Table 1 provides the baseline characteristics of the study sample. The trial was successful in accruing a racially representative sample, though the proportion of college-educated participants was higher than the population-at-large, i.e., 42% vs. 31% (43). Data on PSA and biopsy Gleason sum suggested that most participants had earlier-stage disease, with roughly two-thirds having biopsy Gleason sums ≤6. As in the general population, a majority of these middle-aged men were overweight or obese, and substantial numbers had cardiovascular disease or diabetes, and regularly took medications associated with these conditions. No differences existed between study arms with regard to any of these variables.
Table 2 presents data on protocol duration, reported side-effects, self-rated adherence, biological markers of adherence, and the impact of dietary modification on body fluids and target tissues. The average duration on study was 30.7 days, with little variation among arms. By-in-large, there was a complete absence or only mild side effects reported. However, several participants reported symptoms of low libido or erectile dysfunction, though no differences were observed between study arms for this or any other side effects.
Dietary logs revealed good-to-excellent adherence. Adherence to flaxseed supplementation was supported by significantly higher lignan intakes and expression within urine and seminal fluid. Participants assigned to low-fat diets significantly reduced their fat intakes to 25–28% of Calories and had higher dietary intakes of EPA since they substituted fish for red meat in efforts to reduce overall fat consumption. However, the proportion of dietary ω3:ω6FAs was significantly higher among flaxseed-supplemented participants owing to significantly higher intakes of ALA. Both erythrocytes and prostatic tissue had significantly higher levels of EPA (not ALA) in the flaxseed-supplemented arms, suggesting that dietary ALA from flaxseed sources may be converted to longer chained ω3FAs in vivo. The prostatic tissue of flaxseed-supplemented participants also had significantly higher proportions of ω3FAs (ALA+EPA+DHA) to ω6FAs (arachidonic+linoleic acid).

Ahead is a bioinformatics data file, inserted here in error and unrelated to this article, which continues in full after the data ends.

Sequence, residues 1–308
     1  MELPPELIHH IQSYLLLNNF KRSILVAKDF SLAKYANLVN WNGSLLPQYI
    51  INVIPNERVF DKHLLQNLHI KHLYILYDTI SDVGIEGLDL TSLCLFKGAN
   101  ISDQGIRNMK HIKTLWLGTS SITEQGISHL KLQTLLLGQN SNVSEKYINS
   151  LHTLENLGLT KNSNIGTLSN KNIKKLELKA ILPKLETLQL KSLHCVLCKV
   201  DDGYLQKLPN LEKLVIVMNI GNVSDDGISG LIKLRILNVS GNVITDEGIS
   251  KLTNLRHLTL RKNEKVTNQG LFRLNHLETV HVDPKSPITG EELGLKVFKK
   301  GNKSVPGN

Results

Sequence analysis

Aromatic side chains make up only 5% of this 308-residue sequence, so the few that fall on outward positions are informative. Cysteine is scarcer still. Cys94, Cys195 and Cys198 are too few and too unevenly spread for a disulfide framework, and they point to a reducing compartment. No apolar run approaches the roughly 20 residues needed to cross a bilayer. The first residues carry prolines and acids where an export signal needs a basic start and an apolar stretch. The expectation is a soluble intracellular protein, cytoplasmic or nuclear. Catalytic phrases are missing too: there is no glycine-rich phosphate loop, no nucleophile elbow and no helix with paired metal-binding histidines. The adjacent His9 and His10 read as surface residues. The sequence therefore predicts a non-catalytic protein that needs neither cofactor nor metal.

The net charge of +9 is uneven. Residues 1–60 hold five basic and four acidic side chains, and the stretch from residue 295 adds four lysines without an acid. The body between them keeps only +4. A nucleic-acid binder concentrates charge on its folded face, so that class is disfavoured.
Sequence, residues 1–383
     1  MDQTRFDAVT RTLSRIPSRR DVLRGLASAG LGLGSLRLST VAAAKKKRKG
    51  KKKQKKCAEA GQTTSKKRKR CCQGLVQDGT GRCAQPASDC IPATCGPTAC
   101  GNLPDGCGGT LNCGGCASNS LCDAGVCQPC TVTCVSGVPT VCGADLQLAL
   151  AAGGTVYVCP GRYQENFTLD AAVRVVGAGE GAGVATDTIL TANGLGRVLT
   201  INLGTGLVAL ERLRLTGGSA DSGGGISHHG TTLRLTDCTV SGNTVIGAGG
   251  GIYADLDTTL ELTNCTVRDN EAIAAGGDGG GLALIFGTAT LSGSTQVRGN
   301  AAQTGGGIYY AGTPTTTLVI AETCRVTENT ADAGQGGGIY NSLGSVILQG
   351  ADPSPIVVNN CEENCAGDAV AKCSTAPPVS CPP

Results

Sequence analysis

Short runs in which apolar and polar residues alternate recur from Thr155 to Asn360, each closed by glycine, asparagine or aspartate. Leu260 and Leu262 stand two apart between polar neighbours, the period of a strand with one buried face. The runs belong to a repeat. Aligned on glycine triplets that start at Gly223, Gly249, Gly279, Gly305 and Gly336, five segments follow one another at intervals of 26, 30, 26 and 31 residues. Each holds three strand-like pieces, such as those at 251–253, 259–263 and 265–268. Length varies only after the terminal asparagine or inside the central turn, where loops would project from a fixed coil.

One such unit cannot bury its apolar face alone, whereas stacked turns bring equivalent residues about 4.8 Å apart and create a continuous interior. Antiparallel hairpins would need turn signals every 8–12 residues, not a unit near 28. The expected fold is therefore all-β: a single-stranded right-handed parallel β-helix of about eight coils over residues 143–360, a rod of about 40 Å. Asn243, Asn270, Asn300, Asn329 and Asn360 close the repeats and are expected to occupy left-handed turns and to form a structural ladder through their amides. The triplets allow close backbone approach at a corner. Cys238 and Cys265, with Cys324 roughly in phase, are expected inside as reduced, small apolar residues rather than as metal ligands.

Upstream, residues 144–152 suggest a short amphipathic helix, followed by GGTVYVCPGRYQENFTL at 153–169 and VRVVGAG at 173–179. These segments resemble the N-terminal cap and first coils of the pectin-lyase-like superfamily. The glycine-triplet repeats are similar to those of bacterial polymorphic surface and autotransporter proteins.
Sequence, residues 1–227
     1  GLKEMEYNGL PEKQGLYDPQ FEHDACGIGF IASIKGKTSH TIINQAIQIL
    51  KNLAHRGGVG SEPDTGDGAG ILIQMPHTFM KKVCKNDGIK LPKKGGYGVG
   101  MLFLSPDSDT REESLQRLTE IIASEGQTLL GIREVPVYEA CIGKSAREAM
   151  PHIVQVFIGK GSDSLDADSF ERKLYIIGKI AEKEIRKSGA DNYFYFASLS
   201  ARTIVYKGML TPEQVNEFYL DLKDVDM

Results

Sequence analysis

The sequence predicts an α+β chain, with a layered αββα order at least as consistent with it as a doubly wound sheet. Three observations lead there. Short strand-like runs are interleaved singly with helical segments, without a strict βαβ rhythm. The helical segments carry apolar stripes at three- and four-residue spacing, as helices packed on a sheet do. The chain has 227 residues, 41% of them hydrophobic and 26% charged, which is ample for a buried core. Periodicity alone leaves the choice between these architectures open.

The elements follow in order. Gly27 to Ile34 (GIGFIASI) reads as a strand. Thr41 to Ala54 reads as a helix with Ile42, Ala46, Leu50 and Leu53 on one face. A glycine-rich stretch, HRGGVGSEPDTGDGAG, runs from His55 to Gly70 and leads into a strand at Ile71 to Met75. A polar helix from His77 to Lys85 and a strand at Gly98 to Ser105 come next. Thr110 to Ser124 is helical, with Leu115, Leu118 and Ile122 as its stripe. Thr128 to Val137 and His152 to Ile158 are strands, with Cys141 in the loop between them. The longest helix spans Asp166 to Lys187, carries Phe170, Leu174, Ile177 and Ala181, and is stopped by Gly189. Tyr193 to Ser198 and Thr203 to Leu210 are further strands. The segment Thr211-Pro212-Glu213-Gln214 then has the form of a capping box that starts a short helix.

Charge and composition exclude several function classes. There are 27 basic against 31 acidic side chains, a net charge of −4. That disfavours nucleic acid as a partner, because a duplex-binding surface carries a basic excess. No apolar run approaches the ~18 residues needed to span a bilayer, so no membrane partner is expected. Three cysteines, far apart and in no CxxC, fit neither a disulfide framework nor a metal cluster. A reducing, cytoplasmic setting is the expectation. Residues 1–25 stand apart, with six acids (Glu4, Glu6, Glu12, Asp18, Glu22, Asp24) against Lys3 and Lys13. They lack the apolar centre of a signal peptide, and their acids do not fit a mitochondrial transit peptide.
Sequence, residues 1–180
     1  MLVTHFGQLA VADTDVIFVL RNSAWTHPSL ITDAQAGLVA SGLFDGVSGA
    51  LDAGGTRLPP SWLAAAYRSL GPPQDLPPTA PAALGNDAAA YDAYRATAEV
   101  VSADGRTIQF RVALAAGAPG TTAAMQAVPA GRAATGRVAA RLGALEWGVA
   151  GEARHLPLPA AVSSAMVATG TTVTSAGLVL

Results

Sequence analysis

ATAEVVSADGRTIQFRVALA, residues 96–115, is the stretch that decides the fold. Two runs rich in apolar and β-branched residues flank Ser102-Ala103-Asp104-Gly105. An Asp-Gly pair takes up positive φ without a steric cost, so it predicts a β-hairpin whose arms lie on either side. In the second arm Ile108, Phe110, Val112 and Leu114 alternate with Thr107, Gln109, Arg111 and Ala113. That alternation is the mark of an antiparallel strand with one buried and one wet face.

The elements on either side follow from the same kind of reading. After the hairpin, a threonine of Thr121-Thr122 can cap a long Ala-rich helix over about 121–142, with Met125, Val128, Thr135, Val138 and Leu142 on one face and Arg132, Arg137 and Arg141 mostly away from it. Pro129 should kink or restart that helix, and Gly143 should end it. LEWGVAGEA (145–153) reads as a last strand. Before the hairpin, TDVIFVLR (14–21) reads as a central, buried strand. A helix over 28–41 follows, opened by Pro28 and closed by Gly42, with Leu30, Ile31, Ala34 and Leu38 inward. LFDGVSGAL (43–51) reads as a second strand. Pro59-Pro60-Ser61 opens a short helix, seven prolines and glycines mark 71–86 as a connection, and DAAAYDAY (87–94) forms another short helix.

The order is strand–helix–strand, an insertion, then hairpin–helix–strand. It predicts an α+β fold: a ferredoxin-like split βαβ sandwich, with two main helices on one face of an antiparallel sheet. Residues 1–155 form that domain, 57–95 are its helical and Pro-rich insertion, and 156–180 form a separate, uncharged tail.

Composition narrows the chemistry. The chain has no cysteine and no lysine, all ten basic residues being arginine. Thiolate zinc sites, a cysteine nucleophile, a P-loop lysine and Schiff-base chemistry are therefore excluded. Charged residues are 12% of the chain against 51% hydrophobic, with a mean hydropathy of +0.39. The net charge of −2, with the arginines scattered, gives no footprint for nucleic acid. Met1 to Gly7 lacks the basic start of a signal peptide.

Tumor proliferation rate (primary endpoint) was significantly lower in the flaxseed-supplemented arms (Table 3/Fig. 2). While the significance level varied depending upon the various methods used, findings always remained significant (P-values ranged from 0.0007 – 0.02)(25). Although the flaxseed supplementation effect appeared somewhat stronger among African-American patients and also among those with Gleason sums <7, these results were not statistically significant based on standard statistical interaction tests. In contrast, there was no statistical evidence suggesting an impact of the low-fat diet on proliferation. Furthermore, no differences among treatment arms were noted for apoptosis or Gleason sum.
Over the presurgical study period, serum PSA, testosterone, IGF-1 and IGFBP-3 decreased in all arms, with no differences in change observed between arms. Within the control arm these decreases were significant for testosterone and PSA (P-values < 0.05), and of borderline significance for IGF-1 (P = 0.0547). No between arm differences were observed in change scores for SHBG, free androgen index, and CRP. Participants in the low-fat arms experienced significant reductions in body mass index, and total and low density lipoprotein cholesterol.